Last week, Quora hosted a session with Barbara Oakley, one of the two instructors for Learning How to Learn, “the world’s largest online course.” During the Quora session, people asked her questions about learning techniques, public speaking, online courses, and other topics. I took the Learning How to Learn class when it was first offered on Coursera, and found it to be a good survey of current learning research, combined with plenty of advice on how to apply it. So when Oakley’s session popped up on Quora, it caught my eye.

It’s worth taking the whole course on Coursera, but the Quora session offers a concentrated summary of a few key ideas. I thought it would be interesting to apply some of Oakley’s advice from the session to the type of learning that goes on here at Red-Green-Code.

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## Learning From Local Experts

There’s a certain kind of programming problem that you won’t find the solution to on Stack Overflow, programming blogs, or even an old-fashioned paper book. It’s the kind of problem that is, to use an old Stack Overflow term, too localized. Imagine you’re working on a software team and you encounter one of the following situations:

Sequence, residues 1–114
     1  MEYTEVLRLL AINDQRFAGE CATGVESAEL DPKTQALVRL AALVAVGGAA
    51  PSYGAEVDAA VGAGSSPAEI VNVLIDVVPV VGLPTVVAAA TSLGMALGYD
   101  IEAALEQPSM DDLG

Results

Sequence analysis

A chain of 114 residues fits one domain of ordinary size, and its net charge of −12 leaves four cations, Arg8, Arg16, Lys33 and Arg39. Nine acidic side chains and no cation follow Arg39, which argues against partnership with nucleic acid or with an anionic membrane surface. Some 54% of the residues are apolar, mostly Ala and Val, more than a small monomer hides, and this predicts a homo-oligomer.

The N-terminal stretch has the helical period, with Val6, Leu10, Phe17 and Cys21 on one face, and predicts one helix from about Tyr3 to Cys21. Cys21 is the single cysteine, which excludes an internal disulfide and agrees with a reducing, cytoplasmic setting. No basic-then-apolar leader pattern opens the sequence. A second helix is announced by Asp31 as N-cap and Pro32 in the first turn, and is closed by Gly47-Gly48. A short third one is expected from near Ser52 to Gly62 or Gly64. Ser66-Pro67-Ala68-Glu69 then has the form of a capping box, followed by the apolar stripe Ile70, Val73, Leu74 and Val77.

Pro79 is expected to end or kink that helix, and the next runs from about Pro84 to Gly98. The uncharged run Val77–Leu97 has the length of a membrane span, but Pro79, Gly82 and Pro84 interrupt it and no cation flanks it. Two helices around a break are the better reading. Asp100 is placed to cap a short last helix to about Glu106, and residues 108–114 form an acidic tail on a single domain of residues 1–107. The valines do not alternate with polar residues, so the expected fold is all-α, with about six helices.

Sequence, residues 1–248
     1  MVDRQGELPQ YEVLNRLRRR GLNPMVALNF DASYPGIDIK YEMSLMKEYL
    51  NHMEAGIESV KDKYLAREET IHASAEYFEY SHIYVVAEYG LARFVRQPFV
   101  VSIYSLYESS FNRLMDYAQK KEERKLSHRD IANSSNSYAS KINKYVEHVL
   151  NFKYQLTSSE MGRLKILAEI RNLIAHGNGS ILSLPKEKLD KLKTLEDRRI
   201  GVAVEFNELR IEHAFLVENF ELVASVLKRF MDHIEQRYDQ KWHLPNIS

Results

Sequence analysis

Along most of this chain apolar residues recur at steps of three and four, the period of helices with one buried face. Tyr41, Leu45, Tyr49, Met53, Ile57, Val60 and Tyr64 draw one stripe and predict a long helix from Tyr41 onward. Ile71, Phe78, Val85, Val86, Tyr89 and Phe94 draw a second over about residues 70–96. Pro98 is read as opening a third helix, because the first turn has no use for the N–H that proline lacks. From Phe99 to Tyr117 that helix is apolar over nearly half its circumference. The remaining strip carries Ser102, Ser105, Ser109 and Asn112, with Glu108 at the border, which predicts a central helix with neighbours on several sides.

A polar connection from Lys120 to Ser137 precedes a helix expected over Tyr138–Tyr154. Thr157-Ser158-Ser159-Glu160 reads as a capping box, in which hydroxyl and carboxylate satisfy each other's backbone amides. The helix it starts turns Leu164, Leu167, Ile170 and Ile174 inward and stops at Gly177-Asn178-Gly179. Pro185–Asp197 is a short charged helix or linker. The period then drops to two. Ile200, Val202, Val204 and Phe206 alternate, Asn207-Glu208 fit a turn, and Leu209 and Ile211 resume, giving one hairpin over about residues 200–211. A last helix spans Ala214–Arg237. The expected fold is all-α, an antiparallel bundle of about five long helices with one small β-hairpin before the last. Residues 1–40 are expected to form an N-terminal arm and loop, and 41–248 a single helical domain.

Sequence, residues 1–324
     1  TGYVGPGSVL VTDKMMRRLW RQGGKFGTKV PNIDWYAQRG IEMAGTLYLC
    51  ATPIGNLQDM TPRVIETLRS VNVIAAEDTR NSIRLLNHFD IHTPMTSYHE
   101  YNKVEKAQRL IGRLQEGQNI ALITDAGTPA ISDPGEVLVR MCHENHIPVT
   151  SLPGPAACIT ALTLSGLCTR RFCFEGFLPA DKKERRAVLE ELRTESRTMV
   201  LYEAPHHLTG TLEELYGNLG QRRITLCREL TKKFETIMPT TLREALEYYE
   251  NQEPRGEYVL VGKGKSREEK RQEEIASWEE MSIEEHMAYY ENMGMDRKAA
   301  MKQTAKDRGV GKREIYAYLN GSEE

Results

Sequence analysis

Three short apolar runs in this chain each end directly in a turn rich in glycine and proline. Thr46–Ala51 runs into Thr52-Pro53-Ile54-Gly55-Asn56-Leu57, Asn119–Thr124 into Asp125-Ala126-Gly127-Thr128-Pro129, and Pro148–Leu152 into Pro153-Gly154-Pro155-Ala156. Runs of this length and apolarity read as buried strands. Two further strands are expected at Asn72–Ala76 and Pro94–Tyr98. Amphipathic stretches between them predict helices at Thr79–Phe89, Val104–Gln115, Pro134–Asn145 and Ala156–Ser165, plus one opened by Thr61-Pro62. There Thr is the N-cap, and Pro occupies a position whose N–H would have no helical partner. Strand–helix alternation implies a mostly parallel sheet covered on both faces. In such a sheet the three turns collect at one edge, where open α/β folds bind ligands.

• You run a local build (without changing any local files), and it fails.
• You’re working on a feature, and you need to know how to simulate a credit card payment for your product, without actually submitting a credit card.
• You’re about to submit a database schema change, and you want to test the database upgrade process the way it will actually work in the shared test environment and on the live system.

There are a few ways you could potentially solve these problems. You can always use the old standby technique of Googling keywords and seeing if you can match the general results with the specific needs of your project. That may get you some interesting options, but it’s likely to require a lot of work.

If your team has good internal documentation with a search function that works, then you may be in luck. If you can find documentation about the exact scenario you’re looking for, then you’re even luckier. Keeping internal documentation is a good practice for any software team, but it does require discipline. Stack Overflow is even trying to encourage team documentation (as long as the team is willing to publish it to the world) with their teams feature.

When Google and internal documentation fail, there’s still one more thing you can try: ask a local expert. Here are a few tips on doing that effectively.